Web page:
Autumn. It’s a time for apple picking, cider and donuts. This season, however, crop may be harder to come by.
A unreasonably warm winter followed by April’s frost took a toll on many apple trees, creating a shortage of the fruit in southeast Michigan. Consequently, orchards and other local companies have been forced to find alternatives to tradition and raise prices.
The orchards of Blakes Farms took a hit from the poor weather. Seventy percent of their apple crops were lost, despite the help of warming fans, forcing the orchard to seek other sources. The orchard hasn’t seen a shortage this bad since their opening in 1946, according to family member Andrew Blake.
Reaching out to farms from the west side of the state as well as other states, including Missouri and West Virginia, Blakes supplemented the apples they had with crops from other farms.
While there are still a lot of apples available and U-Pick remains an option, some of the picking is more limited and apple prices went up by about 25 percent.
“We want people to know we still have everything from previous years,” Blake said. “We’ve still got the apples and the cider, it was just a little more work this year.”
To counteract the apple issues, Blakes added more entertainment at their three locations, including jumping pillows, corn mazes, haunted hayrides and the Zombie Paintball Safari, according to Blake.
He said one of the best lessons from the experience was the importance of diversifying and growing other facets within the business.
Another place to pick up some fall fruits, Yates Cider Mill, gets their apples from local growers. According to co-owner Mike Titus, the mill had to find alternatives after the spring frost killed about 85 percent of their suppliers’ crops.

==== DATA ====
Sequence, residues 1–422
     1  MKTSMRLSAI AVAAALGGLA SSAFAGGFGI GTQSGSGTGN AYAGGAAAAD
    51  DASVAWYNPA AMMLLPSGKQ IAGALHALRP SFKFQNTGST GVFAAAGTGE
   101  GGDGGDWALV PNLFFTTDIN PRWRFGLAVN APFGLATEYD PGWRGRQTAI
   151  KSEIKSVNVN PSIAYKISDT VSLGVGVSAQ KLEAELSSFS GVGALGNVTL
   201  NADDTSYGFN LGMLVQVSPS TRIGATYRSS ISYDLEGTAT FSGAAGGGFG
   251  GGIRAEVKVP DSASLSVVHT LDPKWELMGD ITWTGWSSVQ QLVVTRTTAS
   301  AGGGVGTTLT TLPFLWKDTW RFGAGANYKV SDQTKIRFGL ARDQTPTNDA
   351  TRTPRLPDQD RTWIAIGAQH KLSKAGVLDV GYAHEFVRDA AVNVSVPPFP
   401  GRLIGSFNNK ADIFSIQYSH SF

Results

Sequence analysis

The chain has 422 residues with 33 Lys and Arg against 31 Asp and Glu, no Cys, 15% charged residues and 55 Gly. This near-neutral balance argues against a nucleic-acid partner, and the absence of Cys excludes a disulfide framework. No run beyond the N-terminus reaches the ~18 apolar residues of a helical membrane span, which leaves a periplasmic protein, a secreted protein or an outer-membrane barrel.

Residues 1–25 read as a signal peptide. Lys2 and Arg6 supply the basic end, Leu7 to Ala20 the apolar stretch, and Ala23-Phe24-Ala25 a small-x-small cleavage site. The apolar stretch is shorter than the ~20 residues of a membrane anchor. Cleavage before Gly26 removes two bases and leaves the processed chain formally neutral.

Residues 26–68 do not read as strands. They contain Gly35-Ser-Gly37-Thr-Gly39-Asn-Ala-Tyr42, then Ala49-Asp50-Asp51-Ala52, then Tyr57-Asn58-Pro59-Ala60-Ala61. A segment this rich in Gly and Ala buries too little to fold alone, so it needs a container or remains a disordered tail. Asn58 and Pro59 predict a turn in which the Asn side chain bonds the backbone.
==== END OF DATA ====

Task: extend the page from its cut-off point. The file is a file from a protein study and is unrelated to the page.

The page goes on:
Networking to receive apples from other areas of Michigan and southern states, Yates has had different varieties of apples this season and eliminated the “bag your own” option. The import led to a price increase in apples and cider. According to Titus, however, the variety and earliness of the crop has led to early cider, as well as different kinds of apples to choose from.
“We have to look at the positive side,” Titus said. “In August, we offered a free half dozen donuts when people bought a dozen donuts and a gallon of cider, to supplement the rise in prices. Overall, it’s been a good start to the season. We still have a variety of Michigan apples.”
Local grocers and businesses have also been impacted by the frost.
In an article for Patch, Dale Hollandsworth, consumer communications spokesperson for Kroger, stated they will still have apples and cider for sale, though there will be less Michigan apple products, as well as a rise in price.
Biggby Coffee, who offers caramel apple cider this time of the year, was also impacted by the loss.
Due to the shortage, costs have doubled for Biggby to purchase apples for cider, so the individual stores have raised the prices on these beverages. While the drink will still be available, Biggby is promoting other autumn-inspired items as well, including drinks like the S’More latte, according to Biggby Public Relations Assistant Katie Koerner.
“We knew as a company that the caramel apple cider is one of the customer favorites,” Koerner said. “We wanted to make our customers happy and still offer it, even though prices are going up.”